Luther of course was right, in that you and I can never earn our justification. We can never on our own work ourselves into God’s grace. That is why God sent God’s son. Justification is about faith. But, at the same time, we must realize that God’s grace always calls for a response on our part. To not act accordingly is to take the justification of God’s love in Jesus for granted. True discipleship is both about hearing the Good News Jesus came to proclaim, and then acting on that Good News.
This is what the author of James is after when he writes, “What good is it, my brothers and sisters, if you say you have faith but do not have works? Can faith save you? If a brother or sister is naked and lacks daily food, and one of you says to them, ‘Go in peace; keep warm and eat your fill,’ and yet you do not supply their bodily needs, what is the good of that? So faith by itself, if it has no works, is dead.” (James 2:14-17) (By the way, Martin Luther despised the Letter of James. I think that we can see the reasons why.)
I think that it is this disconnect between faith and works that is also the basis for Jesus’ warning in Matthew 7:21-23. It is those who actually do “the will of my Father in heaven” who will be recognized by Jesus when the moment comes. “Doing” implies both the primacy of faith and then proactively living and working in this world according to that faith. Trying to separate the one from the other is, in a word, foolish.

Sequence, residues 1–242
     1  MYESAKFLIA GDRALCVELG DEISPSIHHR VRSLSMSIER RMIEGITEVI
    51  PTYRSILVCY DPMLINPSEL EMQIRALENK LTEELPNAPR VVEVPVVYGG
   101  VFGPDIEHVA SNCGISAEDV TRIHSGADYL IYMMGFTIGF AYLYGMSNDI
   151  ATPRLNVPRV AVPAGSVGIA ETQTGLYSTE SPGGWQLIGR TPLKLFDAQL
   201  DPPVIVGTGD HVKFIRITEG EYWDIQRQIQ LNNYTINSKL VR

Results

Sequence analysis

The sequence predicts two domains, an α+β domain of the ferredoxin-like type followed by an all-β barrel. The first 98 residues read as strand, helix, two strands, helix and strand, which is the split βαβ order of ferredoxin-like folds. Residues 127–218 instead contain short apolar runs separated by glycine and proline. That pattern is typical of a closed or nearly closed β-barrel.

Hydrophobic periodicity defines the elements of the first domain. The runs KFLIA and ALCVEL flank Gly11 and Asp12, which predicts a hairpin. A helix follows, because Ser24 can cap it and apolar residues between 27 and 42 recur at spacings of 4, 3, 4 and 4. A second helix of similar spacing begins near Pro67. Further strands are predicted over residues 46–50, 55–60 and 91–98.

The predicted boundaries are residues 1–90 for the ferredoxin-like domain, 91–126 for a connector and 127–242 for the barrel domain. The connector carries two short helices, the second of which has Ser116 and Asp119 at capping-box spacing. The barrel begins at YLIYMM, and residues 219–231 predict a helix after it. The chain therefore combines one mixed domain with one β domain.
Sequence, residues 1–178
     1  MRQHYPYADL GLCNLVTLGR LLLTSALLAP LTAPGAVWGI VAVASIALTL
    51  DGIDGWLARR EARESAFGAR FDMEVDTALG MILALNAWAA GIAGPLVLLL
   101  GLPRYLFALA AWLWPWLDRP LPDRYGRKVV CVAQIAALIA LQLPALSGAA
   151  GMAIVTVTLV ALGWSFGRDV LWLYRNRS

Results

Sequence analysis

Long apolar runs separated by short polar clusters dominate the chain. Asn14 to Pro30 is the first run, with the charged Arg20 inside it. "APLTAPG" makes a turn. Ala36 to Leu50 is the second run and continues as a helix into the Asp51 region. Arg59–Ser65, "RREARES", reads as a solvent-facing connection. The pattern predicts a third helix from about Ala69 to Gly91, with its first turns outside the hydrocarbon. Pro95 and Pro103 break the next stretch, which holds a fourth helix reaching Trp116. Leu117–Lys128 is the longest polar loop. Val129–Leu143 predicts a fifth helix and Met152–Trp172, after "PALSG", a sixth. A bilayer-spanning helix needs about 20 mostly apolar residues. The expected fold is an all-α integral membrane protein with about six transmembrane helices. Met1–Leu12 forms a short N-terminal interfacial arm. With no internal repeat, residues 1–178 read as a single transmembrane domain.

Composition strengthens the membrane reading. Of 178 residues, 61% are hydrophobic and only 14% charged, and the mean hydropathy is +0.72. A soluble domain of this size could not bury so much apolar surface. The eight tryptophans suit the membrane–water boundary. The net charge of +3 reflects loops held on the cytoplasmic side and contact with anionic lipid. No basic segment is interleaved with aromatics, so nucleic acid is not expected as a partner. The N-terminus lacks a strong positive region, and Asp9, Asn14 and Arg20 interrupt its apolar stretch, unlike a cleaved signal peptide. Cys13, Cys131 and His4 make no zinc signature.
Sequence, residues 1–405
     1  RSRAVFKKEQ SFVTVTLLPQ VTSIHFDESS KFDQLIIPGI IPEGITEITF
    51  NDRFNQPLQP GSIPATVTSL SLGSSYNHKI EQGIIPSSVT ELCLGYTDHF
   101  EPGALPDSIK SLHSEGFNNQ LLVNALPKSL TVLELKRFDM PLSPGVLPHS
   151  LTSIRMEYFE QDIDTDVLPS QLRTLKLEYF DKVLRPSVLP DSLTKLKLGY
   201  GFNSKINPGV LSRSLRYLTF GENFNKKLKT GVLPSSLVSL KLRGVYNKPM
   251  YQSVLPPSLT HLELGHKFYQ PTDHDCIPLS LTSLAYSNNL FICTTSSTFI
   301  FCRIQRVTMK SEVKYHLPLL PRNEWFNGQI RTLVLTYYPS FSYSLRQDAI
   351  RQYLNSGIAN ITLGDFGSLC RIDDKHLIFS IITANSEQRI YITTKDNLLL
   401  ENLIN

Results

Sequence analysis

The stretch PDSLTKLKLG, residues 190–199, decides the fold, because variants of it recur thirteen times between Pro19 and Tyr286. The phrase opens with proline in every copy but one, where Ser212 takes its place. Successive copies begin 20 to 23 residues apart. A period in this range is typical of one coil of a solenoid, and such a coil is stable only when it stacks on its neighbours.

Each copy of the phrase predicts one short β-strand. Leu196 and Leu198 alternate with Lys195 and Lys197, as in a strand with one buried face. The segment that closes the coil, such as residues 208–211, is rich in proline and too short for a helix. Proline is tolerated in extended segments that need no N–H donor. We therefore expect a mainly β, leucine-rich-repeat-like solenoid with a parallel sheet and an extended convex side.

In his commentary, Klyne R. Snodgrass has this to say about the Parable of the Two Builders: “When will modern Christians realize that affirmation of faith is not enough and that true faith leads to obedience? Scripture seeks most of all that people hear the Word of God, but valid hearing obeys. We should remember that the Hebrew word for hearing is often translated as “obey.” Obedience will not happen without choices, commitments, and the Spirit-energized exercise of the will…Looking good is not good enough. Knowing right is not right enough. We must actually put into practice what we know is right.”
Otherwise, we are at risk. Without putting our discipleship into practice, we are building on sand. When the rains fall, the winds blow, and the floods come, will merely hearing Jesus’ words be enough to sustain us? Or does faith strong enough to endure all tests also require the discipline and work of putting his words into action in the course of our daily lives? This parable certainly seems to be telling us that it is only the latter that provides the necessary strength to stand.
My friends, it has been a real joy. My hope and prayer is that we will actually have a chance to be together again in the near future. We shall see. In the meantime, I encourage you to keep the faith, both in word and in deed!